Patty Seyburn – “Ode to the Santa Ana Winds”

Wednesday, February 8th, 2023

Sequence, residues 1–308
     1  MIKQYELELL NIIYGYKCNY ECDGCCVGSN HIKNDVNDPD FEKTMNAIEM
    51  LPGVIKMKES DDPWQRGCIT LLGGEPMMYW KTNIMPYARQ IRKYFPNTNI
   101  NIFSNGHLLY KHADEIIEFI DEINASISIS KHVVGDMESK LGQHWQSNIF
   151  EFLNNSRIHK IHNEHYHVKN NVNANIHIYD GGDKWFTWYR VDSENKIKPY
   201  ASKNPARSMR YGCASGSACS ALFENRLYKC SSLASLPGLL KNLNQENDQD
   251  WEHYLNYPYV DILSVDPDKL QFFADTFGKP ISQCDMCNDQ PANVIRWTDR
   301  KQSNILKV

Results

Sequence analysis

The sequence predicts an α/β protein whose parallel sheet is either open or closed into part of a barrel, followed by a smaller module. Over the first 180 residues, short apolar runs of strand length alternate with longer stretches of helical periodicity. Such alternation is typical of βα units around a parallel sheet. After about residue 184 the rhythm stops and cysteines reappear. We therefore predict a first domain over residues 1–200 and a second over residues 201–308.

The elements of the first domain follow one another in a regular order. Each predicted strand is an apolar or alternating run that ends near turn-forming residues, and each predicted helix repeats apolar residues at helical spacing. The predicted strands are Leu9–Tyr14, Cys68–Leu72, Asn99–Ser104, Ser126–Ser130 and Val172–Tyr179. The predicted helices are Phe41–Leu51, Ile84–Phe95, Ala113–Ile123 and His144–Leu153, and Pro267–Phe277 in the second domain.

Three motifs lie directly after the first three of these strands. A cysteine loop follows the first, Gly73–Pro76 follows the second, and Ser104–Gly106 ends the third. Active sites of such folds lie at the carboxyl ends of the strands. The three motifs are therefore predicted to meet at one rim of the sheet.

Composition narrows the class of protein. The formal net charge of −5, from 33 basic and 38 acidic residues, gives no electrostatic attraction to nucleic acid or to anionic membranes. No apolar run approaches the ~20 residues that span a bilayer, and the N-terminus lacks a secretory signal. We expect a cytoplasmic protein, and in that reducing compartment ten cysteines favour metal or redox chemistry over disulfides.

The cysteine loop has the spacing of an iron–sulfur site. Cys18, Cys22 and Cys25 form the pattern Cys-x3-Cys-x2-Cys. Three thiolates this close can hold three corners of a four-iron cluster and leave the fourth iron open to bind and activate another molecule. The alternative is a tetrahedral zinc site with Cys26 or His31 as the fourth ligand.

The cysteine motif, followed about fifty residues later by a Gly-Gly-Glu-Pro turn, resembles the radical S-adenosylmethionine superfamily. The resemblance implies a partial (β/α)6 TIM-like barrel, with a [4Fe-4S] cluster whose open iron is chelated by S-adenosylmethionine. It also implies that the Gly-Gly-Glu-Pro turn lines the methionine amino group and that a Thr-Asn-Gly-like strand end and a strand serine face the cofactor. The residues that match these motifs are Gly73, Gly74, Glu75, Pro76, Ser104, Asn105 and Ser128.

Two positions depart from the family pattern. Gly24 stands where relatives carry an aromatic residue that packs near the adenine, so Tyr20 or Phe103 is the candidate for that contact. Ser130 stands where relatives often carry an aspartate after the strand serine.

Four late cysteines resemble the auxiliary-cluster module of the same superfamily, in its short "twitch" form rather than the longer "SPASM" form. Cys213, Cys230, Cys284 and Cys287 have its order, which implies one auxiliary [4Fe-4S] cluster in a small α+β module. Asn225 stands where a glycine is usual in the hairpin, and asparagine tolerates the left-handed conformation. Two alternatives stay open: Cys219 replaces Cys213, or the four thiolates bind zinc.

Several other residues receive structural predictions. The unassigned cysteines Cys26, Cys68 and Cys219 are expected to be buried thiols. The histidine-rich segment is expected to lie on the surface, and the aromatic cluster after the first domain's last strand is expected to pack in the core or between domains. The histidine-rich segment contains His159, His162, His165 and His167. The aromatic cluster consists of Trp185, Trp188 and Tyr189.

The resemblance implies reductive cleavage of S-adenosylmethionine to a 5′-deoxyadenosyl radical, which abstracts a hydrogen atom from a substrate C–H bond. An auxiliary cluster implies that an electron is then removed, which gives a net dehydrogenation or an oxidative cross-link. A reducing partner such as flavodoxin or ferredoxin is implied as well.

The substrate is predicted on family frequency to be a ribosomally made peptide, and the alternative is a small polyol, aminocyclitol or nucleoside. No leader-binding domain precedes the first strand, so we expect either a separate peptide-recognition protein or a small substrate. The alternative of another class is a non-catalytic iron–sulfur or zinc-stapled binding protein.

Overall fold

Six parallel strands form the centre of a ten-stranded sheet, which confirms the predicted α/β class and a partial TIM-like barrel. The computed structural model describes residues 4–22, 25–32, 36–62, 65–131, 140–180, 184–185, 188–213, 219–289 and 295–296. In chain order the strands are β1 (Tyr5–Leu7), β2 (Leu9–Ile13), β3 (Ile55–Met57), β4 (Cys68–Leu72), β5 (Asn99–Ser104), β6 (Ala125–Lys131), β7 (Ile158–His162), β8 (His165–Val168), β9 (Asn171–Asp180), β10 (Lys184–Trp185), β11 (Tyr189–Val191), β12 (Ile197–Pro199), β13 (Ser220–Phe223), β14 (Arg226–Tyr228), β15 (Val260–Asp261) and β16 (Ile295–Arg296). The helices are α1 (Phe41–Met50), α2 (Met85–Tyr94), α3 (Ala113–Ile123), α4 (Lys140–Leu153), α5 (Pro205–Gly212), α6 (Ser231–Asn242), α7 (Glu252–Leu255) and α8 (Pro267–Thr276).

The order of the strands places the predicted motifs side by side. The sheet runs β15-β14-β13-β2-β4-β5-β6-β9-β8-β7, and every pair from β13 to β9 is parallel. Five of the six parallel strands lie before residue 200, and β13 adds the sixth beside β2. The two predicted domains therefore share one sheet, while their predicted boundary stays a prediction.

Back in the winter of 2006, I applied for a tenure-track teaching job at CSU Long Beach, which was conducting a search for creative writers to replace Gerald Locklin and Elliot Fried, both of whom had started teaching only part-time after decades of work in the academic trenches. The school ended up hiring three one fiction writer, Lisa Glatt, and two poets, myself and Patty Seyburn. I was familiar with Lisa’s work, since she had been published in PEARL magazine, but I was not at all familiar with Patty’s work, nor was she acquainted with mine. Over the years I have gotten to know her work and appreciate the way she can take a topic that has a public presence and write a poem that does not yield to gratuitous sentiment even as it flaunts its accessibility. Today, the L.A. Times ran one of her poems in the Opinion section, and even though it is not a “typical” poem of hers (though it would be hard to say what is “typical” of her poetry), I still savor how her leap toward the metaphorical apposition of “frenzied bacchanal” stamps this homage as having been filtered by none other than her sensibility. Her writing often imbibes of what might be categorized as feminist devotional, and there is a through-line between her work and Anne Bradstreet that deserves critical attention. On the other hand, would a reader be mistaken in comparing her deftness as a poet with someone such as Howard Nemerov, whose book SENTENCES I was reading just yesterday? Seyburn’s poems always keep me slightly off-balance, and if you enjoy that sensation as much as I do, rest assured that a search in your browser will quickly yield many more links to her poems.

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